Looking Ahead: The SEI Technical Strategic Plan, Part 2

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By Bill Scherlis
SEI Principal Researcher and Director, Institute for Software Research

Bill ScherlisThe Department of Defense (DoD) has become deeply reliant on software. As a federally funded research and development center (FFRDC), the SEI is chartered to work with the DoD to meet the challenges of designing, producing, assuring, and evolving software-reliant systems in an affordable and dependable manner. This blog post is the second in a multi-part series that describes key elements of our forthcoming Strategic Research Plan that address these challenges through research, acquisition support, and collaboration with the DoD, other federal agencies, industry, and academia.  The first post in this series focused on Architecture-Led Incremental Iterative Development.  This part focuses on the remaining three elements of our strategic plan: (1) designed-in security and quality (evidence-based software assurance), (2) a set of DoD critical component capabilities relating to cyber-physical systems (CPS), autonomous systems, and big data analytics, and (3) cybersecurity tradecraft and analytics.

Evidence-based Software Assurance and Certification

The goal of the second element in the SEI Strategy Research Plan is a dramatic reduction in the cost and difficulty of making assurance judgments related to quality and security attributes. Achieving this goal is particularly important as systems become more complex and evolve more rapidly. Current approaches for certification and accreditation are largely based on an after-the-fact evaluation of a snapshot of a system.

While after-the-fact approaches are effective for certain well-defined categories of components and systems, they tend to break down as systems increase in complexity, scale, and dynamism. They also tend to hinder ongoing evolution, rapid reconfiguration, dynamic loading of components, autonomy, and composition and interlinking of systems-of-systems. Put simply, these established techniques do not scale up, and they do not work well for the emerging software framework-based systems now prevalent in commercial and infrastructural applications.

The industry folklore has long asserted that quality-related activities, including security-related assurance, can consume half of total development costs for larger systems. For example, the IBM Systems Journal states that, in a typical commercial development organization, “the cost of providing [the assurance that the program will perform satisfactorily in terms of its functional and nonfunctional specifications within the expected deployment environments] via appropriate debugging, testing, and verification activities can easily range from 50 to 75 percent of the total development cost.” Additionally, after-the-fact evaluation practices can add a year or more to the elapsed time required to develop and deploy software-reliant systems.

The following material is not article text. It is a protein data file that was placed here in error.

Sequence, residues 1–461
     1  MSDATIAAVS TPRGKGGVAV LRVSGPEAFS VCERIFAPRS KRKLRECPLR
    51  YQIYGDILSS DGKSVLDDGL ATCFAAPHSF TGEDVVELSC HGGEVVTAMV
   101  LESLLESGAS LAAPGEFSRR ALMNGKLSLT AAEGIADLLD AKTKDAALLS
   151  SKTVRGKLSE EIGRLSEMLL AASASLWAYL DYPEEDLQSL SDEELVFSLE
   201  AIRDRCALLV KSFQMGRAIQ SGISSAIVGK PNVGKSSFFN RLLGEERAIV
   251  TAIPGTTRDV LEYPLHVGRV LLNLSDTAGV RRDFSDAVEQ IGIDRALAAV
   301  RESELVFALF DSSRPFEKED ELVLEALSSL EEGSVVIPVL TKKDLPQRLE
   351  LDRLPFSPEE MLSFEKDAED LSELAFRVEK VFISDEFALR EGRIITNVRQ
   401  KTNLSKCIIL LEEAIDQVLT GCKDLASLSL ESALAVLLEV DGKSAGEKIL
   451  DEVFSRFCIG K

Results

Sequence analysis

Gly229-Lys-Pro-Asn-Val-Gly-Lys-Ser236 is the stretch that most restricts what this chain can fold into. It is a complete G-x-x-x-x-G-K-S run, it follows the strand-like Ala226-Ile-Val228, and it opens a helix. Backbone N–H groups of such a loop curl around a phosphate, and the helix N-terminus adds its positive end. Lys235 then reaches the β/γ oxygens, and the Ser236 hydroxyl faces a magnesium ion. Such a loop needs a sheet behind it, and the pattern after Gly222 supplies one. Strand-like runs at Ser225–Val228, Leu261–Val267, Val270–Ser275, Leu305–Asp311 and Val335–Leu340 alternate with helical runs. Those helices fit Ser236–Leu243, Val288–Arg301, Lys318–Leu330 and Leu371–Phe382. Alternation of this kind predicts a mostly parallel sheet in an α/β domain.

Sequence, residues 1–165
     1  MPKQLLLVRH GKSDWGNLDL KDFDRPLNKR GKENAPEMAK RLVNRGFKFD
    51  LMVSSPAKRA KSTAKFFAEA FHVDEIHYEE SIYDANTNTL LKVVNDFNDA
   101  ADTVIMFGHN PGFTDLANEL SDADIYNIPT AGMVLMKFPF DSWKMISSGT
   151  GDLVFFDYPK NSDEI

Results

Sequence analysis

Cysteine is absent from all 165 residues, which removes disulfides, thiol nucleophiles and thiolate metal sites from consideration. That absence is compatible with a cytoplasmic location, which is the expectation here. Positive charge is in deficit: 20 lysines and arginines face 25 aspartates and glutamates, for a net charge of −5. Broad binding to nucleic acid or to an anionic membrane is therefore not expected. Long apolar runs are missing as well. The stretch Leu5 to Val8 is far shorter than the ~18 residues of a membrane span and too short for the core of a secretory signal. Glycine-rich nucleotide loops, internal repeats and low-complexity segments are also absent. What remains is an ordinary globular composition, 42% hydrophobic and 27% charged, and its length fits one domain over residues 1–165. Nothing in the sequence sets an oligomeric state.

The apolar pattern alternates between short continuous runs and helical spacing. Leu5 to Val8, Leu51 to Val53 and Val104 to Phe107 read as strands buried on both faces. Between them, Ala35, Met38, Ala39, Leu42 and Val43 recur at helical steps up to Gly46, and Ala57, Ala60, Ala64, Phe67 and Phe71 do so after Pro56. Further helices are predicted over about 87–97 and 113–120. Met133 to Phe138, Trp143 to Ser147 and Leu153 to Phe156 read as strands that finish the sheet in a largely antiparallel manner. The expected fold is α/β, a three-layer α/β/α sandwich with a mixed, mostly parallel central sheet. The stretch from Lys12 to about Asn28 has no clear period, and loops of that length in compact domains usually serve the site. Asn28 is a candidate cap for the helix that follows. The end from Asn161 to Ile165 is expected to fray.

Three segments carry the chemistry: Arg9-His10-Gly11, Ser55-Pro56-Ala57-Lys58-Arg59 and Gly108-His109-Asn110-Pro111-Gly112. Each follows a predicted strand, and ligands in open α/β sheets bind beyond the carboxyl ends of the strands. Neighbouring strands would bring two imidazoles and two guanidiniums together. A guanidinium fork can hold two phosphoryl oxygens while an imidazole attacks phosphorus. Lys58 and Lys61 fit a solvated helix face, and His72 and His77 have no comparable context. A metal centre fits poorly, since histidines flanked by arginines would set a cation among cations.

Commercial systems, including products and software as a service (SaaS), cloud-based systems, tend to undergo a relatively rapid and continual evolution. For many of our DoD and infrastructural systems, we similarly need to support a continuous evolution.

Some areas of particular technical emphasis include

  • Architecture and composition principles that enable separate evaluation of individual components, with the possibility of combining results to achieve aggregate assurance judgments. These principles are motivated by the reality of modern software supply chains, which are rich and diverse in sourcing and geography.
  • Modeling and analytics to support the diversity of quality attributes significant to DoD and infrastructural systems. These include modeling, simulation, and design techniques that support critical security attributes.